Brazilian musician Jose Antonio Marchezani Corciolli (professionally known simply as "Corciolli") has a diverse career as a composer and performer who has worked in a wide spectrum of musical styles. Recently I'd say he has been comfortably ensconced in moody, ethereal instrumentalism and his latest album, No Time But Eternity, perfectly encapsulates this. While the 12 tracks on this album swing the needle from nearly-unmetered meditations to pop-infused rhythmic explorations, Corciolli stays true to his underpinnings as a classically influenced instrumentalist with real skill.
In recent years Corciolli has broadened his work to include soundtracks, and this experience shows in tracks like "Yerazel" and "Dystopia"; the pictures being painted are so visceral you can close your eyes and picture the scenes from a movie that doesn't actually exist. Meanwhile, "Coexistence" and many of the other tracks on "No Time But Eternity" are content to provide a more contemplative take on the emotions raised, more of an examination of the feeling of loneliness (for example) rather than actually trying to raise the emotion within you. In the midst of these songs, a track like "Gaia" which hearkens back to his early career in Brazilian dance bands and kicks off with a sharp percussive beat really snaps your attention back. It's like a hint of lemon in a sweet tea that sharpens everything up for you.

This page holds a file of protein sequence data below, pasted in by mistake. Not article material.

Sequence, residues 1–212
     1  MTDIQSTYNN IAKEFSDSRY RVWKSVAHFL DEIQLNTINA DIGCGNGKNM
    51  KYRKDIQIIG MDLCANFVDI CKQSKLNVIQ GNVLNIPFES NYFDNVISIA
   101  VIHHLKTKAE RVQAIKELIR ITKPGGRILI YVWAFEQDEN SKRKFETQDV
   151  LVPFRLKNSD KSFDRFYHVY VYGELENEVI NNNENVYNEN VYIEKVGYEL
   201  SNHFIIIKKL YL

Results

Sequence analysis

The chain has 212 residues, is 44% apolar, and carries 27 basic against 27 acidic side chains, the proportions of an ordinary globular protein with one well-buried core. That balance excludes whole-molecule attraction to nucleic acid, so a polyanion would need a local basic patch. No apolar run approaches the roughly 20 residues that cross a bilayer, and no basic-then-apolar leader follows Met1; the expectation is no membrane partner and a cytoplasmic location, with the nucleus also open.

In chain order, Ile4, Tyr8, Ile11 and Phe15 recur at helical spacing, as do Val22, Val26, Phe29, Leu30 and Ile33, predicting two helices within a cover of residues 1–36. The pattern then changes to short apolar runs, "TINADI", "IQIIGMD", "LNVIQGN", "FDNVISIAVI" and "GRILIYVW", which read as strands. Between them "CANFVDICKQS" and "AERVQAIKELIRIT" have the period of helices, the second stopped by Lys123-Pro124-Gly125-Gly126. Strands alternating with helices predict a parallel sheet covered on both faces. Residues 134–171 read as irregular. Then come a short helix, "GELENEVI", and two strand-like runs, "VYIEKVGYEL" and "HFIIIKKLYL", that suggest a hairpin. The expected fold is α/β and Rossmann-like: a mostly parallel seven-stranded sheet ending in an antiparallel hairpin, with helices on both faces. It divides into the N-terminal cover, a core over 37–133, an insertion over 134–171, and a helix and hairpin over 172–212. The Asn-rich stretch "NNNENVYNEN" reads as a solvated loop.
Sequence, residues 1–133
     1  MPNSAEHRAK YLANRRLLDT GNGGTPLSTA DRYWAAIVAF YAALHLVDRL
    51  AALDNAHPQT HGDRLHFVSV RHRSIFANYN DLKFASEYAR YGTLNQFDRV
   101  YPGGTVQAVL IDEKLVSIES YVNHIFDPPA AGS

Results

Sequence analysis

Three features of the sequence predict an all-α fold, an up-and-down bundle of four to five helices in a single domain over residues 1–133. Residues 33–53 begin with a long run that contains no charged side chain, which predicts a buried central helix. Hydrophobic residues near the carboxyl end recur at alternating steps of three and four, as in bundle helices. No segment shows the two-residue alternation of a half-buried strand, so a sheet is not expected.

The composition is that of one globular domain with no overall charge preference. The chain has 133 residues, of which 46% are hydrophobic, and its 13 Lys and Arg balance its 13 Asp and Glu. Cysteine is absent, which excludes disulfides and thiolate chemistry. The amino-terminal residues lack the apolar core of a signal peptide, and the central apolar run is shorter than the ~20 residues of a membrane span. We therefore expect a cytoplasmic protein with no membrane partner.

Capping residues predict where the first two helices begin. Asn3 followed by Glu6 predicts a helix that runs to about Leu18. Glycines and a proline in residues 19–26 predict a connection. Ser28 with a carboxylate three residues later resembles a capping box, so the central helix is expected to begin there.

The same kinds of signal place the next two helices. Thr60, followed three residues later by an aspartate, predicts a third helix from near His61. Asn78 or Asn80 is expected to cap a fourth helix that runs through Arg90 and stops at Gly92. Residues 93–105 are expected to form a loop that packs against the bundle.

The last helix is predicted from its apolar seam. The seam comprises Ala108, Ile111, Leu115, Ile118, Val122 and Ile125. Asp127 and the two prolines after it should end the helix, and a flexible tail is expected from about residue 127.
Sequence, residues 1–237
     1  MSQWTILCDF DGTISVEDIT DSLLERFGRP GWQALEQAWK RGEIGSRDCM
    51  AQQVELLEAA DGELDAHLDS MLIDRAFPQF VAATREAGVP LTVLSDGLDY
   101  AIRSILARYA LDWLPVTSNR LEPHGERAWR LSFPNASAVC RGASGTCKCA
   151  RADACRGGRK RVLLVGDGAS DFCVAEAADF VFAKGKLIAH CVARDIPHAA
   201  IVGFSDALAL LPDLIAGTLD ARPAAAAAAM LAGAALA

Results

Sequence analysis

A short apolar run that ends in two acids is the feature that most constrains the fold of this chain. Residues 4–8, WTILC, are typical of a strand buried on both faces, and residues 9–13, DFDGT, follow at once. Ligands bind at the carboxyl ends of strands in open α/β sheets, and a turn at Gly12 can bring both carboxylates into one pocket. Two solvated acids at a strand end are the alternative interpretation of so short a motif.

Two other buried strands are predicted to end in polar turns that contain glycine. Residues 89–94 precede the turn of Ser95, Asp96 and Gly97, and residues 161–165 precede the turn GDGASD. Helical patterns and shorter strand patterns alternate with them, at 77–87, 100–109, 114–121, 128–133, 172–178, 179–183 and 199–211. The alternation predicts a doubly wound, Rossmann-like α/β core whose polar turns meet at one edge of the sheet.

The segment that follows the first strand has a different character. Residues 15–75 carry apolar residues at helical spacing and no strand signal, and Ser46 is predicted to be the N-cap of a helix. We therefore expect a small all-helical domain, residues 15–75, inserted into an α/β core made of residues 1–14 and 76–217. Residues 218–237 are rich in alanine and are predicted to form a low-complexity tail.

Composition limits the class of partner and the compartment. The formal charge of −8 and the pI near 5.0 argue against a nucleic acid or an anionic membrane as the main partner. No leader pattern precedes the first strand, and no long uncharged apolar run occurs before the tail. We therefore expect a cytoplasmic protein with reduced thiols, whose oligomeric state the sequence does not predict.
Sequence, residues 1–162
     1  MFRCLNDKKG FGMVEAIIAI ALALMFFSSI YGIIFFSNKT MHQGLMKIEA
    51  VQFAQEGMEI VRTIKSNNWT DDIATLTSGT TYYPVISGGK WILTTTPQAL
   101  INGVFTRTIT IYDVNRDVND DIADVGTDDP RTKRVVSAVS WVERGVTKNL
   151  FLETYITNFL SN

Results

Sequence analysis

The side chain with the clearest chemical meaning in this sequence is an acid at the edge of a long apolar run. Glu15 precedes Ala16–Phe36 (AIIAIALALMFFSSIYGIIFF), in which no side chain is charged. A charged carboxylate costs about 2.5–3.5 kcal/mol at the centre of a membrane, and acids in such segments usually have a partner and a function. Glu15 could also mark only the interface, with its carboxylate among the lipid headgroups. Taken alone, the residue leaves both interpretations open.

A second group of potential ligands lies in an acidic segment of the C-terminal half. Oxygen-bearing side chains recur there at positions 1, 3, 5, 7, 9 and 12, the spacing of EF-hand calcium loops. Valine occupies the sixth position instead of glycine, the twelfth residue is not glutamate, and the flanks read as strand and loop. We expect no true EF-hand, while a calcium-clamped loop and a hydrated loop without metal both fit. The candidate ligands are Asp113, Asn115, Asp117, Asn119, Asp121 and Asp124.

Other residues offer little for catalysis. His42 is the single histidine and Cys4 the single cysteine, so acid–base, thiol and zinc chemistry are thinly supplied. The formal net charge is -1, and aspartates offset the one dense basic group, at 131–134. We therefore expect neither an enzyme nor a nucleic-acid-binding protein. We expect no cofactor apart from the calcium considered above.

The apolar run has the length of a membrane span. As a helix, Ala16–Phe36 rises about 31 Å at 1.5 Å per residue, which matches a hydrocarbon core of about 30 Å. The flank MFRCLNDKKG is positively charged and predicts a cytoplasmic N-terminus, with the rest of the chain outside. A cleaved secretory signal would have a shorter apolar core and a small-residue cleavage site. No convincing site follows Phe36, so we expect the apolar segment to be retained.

No Time But Eternity"is a straight shot down the middle; it isn't trying to be a mind-blowing new experience that you've never heard of before. Corciolli has provided beautiful instrumental pieces that will likely snuggle comfortably into your playlists if you've already been a fan of instrumental, electronic-leaning music with numerous collaborative artists employing string instruments and percussion. As the Brits say, it does what it says on the tin, and in my opinion it does it very well.
~review by Patricia Mullen
12 tracks, 65 minutes
Not for sale; available on all major streaming services